South Africa’s construction, architecture and engineering industries have been tipped over the abyss following the resignations of the CEO, COO and Legal Compliance Officer at the at the Council for the Built Environment (CBE). All three posts will become vacant at the end of June 2021 and Public Works and Infrastructure Minister, Patricia De Lille seems unbothered by these major vacancies.
The CBE is the overaching body that coordinates six Councils for Built Environment Professions – Architecture, Landscape Architecture, Engineering, Property Valuers, Project and Construction Management, and Quantity Surveying. These are at the very heart of the construction industries, which are primary socio-economic drivers and job creators. The CBE, therefore, cannot find itself with such a dramatic leadership deficit.
The DA calls on Minister De Lille to play open cards on the true state of affairs at the CBE as up to now there has been a thundering silence from the her.
What’s worse, Parliaments Portfolio Committee on Public Works and Infrastructure was not even informed about these major resignation. The Committee had to learn about these imminent departures from the media!
Adverts appeared – both on the CBE website and in various weekend newspapers – for an Interim CEO post for three months; a full-time CEO position; Chief Operations Officer and a Legal Compliance Specialist positions. These vacancies follows hot on the heels of the resignation of a number of CBE Councillors in December 2020 – facts again not made known to the Portfolio Committee, but which have been communicated to the DA in the strictest confidence.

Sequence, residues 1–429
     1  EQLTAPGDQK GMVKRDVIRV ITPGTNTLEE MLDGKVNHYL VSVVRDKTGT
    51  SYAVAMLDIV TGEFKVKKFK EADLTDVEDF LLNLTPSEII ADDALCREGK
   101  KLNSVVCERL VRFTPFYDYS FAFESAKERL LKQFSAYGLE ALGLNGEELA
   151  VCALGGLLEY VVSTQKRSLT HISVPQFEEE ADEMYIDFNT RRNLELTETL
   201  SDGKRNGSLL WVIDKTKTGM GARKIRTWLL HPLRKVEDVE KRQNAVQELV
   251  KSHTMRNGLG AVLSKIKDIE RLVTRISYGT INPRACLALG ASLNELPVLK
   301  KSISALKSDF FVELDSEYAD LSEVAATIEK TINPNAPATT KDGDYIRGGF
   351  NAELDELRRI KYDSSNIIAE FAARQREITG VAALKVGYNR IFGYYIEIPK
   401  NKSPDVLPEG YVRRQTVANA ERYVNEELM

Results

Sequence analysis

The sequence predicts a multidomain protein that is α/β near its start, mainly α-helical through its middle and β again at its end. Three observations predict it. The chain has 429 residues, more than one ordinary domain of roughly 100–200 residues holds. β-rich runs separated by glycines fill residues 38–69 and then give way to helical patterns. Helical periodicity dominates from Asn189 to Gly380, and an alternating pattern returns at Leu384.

Minister de Lille has not taken charge of her responsibility to ensure that the Boards of these Councils function professionally, meet regularly, are quorate, and operate in line with the necessary statutory determinants. These Councils are crucial to the health and professionalism of members of the Built Environment Professions (BEP) to which they must be registered. Failure for BEP members to register with their respective Councils could render them unemployable – in a country with an unemployment rate of 43%.
The deficit and instability of leadership in Minister De Lille’s own department and entities clearly has far-reaching consequences for the DPWI and the Built Environment Professionals Councils.
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